Point #2 Continuing our “bizarro world” exploration of my Q, what if that darn evil genius went to our Senate candidate personally, and said: same Q, except you make one decision that covers all your supporters, and all your potential voters. What would be the correct choice for our hypothetical typical elephant or donkey Senate candidate…
Voting? While like duh, he’d lose 100% if zero of his potential voters actually ended up voting for him. There is no need to even examine te donate or message options. VoteHarder™ is obviously the only correct choice.
Point #3: While Point #1 (the candidate personally would choose “accept donations”, barring some edge cases involving self-financed campaigns), and Point #2 (the candidate would chose “vote” for all their potential voters as a group), are interesting in that they demonstrate that the Q is not trivial, or obvious, or has a one-size-fits-all answer… they are not analogous reverse counterparts to the dilemma rank-n-file voters would be faced with if confronted by our evil genius. OTOH, Point #3 is just such an analogous reverse counterpart.
Under Point #3, our evil genius sidles up to our Senate candidate, and says: “Same Q, but this time how it relates to an individualized marginal voter. Would you, as the candidate, want such a marginal individual to vote, or donate, or to say volunteer to work a phone bank doing push-polling (messaging)?”
Point #3A: First off, we run into a great glaring difference between the normal world version of the Q: what a marginal individual voter would choose -vs- the “bizzaro” world version of the Q: what the candidate would want such a marginal voter to choose. And the reason for this great glaring difference is this: by our premise (ver 3, yes I suck) our “battle ground” voter feels voting is important, works, and is actually a duty. On the candidate side, of course they feel voting is important and works… by definition.
However, candidates don’t feel the voting public has any effective duty to vote.
Now, let’s remember this old truth: you can tell a politician is lying because words are spewing out of their pie-hole. Sure, all these snake-oil peddlers are going to carry on about how voting is better than baseball, apple pie, Chevy’s or even your own mom. Luckily for us, however, we don’t need to get our hands covered in filth trying to evaluate the truth value of their gibberish. Action speaks louder than words. We can simply look at the historical record.
We already know that the elephants don’t feel that the voting public has any effective duty to vote. They are, in fact, a party who actively pursues voter suppression as a strategy.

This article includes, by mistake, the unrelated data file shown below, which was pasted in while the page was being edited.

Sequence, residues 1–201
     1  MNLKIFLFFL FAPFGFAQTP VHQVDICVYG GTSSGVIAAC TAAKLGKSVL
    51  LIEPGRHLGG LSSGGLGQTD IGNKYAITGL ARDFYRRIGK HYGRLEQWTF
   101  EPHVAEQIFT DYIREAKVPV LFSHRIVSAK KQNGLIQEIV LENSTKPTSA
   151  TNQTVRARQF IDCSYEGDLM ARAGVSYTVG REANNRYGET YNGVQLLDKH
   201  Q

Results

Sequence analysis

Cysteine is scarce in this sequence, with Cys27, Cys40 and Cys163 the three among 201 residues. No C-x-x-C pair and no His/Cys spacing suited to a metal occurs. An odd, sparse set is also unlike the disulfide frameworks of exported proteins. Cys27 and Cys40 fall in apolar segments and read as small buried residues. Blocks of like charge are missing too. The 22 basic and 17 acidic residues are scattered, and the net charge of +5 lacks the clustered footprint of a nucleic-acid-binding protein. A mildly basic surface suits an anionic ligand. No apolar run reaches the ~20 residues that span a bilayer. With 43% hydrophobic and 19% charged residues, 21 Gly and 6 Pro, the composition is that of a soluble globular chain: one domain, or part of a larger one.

In general the donkeys, as the majority party, and as the relatively less funded party (on a voter per capita basis, and not withstanding the WOAT H.Clinton’s losing reversal of this generality in POTUSBOWL 2016)… are going to be in general… in favor of increased voter turnout overall.
But of course, there are plenty of localized examples where the tables are turned, and the donkey candidate would benefit from reduced voter turnout overall. And sure, the donkeys haven’t earned a reputation for flat out voter suppression… they do have a track record of doing everything short of outright suppression to keep the number of voters down in these localized situations.
- But really it’s more obvious than that. Every effective ad that targets a candidate’s supporters to get off their butt and vote… is an ad that does not target the opponents supports to do the same (otherwise it wouldn’t be effective). Every effective ad that targets the opponent’s supporters to give up and be lazy and not bother to go vote… is an ad that does not target the candidate’s supports to be so lazy (otherwise it wouldn’t be effective). Every effective ad that targets the undecided possible non-voters to vote for the candidate… is an ad that does not target that demographic to vote for the opponent (otherwise it wouldn’t be effective).
Every GOTV effort that is party-centric (as opposed to helping all voters get to the polls, regardless of party), or geographically targeted, or targeted in any other way what-so-ever, are also excellent examples.
Cliffs: Virtually every strategy and tactic of modern campaigning obviously and glaringly highlights this basic truth: to the candidates themselves, and regardless of what lies they may habitually spew, there is no effective duty of the rank-n-file voters to actually vote.